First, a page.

Sales of US Mint Gold Bullion Coins Slower on the Week

Gold Eagle Sales Slower, Silver Eagles Little Changed

The number of ounces of gold sold through the US Mint’s bullion programs was slower the past week. Meanwhile, sales of silver bullion rose slightly, although they remain within the same basic range seen over the past several weeks.

The US Mint sold 17,500 troy ounces of gold bullion for the weekly period ending April 13, 2011. This consisted of 13,000 ounces of American Gold Eagles and 4,500 ounces of American Gold Buffalo coins. All gold bullion coins sold during the week were one ounce coins, with no fractional weight coins sold.

This sales level is down from the 32,000 ounces sold in the previous week. The drop may be the impact of seasonality, as precious metals sales tend to be slower around the US individual income tax filing deadline. For the year to date, gold bullion sales have reached 390,000 ounces.

US Mint Bullion Coin Program Sales 4/13/2011 (ounces)

Prior Week Month to Date Year to Date
American Silver Eagle 715,500 1,374,000 13,803,000
American Gold Eagle 13,000 45,000 344,500
America the Beautiful Silver 0 0 0
American Platinum Eagle 0 0 0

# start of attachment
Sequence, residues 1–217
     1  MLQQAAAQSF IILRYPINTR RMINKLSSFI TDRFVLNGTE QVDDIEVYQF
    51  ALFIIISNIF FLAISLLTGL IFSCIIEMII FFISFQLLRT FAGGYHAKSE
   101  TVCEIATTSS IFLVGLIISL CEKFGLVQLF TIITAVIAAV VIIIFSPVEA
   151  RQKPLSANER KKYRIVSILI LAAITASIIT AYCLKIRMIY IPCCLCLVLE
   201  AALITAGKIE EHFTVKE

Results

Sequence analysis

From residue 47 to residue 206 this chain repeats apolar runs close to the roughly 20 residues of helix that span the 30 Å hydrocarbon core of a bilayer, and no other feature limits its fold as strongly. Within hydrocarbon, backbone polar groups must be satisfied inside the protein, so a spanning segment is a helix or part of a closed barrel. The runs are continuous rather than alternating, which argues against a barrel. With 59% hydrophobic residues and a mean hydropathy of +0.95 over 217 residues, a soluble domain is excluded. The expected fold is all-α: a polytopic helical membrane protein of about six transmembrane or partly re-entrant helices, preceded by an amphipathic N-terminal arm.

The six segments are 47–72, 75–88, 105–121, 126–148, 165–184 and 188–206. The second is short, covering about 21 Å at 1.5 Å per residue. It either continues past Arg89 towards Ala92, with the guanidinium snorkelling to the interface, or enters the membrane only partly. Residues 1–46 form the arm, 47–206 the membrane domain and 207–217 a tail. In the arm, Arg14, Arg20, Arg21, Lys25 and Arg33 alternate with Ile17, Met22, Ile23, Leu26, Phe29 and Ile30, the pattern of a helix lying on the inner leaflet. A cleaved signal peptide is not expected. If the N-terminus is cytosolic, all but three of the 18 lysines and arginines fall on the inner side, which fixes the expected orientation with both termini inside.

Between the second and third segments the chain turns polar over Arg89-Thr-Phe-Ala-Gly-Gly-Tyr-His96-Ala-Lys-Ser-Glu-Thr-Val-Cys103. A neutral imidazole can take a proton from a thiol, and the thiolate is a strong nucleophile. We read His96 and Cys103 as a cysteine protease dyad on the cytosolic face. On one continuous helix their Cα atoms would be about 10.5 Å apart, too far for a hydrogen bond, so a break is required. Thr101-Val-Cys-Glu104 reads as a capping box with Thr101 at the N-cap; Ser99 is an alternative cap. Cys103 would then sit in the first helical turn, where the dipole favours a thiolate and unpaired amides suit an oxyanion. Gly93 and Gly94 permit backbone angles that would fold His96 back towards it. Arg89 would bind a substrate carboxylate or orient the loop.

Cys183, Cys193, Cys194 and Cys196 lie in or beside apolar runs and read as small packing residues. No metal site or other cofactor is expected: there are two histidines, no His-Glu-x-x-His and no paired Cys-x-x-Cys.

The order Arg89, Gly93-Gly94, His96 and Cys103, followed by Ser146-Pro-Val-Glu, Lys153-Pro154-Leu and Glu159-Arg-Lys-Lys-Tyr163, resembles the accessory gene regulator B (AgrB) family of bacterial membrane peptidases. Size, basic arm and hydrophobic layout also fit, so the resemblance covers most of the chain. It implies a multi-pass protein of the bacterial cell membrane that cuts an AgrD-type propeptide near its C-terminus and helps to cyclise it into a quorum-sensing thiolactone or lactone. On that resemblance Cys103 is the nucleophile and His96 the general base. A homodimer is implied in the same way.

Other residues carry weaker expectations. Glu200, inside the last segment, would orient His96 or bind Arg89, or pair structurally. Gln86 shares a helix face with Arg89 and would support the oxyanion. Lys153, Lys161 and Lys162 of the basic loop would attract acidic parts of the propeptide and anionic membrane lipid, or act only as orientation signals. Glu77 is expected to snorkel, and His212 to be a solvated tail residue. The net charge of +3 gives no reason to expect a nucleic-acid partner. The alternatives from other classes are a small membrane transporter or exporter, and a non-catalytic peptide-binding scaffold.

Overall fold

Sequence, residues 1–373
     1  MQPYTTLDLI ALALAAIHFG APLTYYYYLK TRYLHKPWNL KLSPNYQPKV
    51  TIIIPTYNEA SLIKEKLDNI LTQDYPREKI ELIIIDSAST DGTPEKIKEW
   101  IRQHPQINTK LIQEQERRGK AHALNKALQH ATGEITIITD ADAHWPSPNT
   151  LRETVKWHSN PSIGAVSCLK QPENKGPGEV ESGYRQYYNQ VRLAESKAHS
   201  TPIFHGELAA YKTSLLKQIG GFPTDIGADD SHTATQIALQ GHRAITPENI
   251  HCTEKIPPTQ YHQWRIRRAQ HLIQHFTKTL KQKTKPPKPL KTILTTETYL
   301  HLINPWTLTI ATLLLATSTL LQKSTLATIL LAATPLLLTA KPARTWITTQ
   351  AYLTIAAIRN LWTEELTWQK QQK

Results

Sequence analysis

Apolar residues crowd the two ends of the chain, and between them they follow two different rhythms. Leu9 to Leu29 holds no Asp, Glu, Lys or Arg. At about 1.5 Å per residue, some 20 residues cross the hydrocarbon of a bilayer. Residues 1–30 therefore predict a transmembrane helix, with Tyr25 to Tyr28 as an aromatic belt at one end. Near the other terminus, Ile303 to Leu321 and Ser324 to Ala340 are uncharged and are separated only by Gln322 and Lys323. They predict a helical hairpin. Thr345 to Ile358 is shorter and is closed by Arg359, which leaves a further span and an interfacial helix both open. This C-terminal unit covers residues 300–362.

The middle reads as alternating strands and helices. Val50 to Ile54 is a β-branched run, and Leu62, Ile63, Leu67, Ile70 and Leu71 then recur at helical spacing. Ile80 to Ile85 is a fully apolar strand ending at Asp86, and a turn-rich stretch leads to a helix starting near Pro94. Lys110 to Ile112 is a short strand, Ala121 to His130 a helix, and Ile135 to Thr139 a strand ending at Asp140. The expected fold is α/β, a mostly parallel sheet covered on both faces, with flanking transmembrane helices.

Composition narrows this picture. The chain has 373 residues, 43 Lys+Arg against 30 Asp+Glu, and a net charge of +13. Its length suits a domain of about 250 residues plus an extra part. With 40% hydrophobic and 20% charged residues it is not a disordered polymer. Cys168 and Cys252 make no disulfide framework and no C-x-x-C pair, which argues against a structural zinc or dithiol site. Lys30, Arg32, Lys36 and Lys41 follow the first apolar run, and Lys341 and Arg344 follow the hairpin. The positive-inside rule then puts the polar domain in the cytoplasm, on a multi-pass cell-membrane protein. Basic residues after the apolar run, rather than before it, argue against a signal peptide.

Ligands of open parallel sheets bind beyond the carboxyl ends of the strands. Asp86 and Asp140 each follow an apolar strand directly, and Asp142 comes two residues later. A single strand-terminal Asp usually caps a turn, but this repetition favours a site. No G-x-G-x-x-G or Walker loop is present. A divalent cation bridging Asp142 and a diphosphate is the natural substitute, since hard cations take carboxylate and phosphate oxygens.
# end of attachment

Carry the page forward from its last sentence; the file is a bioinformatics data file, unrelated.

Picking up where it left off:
American Gold Buffalo 4,500 7,500 45,500

Silver bullion sales for the week reached 715,500 ounces, consisting entirely of the one ounce American Silver Eagle coins. As mentioned in previous reports, these bullion coins continue to be subject to the US Mint’s allocation program. This serves to ration the available supply of coins amongst the authorized purchasers. As such, the weekly sales levels are an indication of the number of coins the US Mint was able to produce and make available, as opposed to the level market demand.

The US Mint has plans to expand the production of Silver Eagles by utilizing the facility at San Francisco, which may be able to strike a few hundred thousand additional coins per week. Test strikes have reportedly begun, and full scale production is expected to begin some time next month. Hopefully, this will alleviate some of the excess demand for silver bullion coins, although it doesn’t seem like it will solve the problem completely.

US Mint Gold and Silver Bullion Coin Sales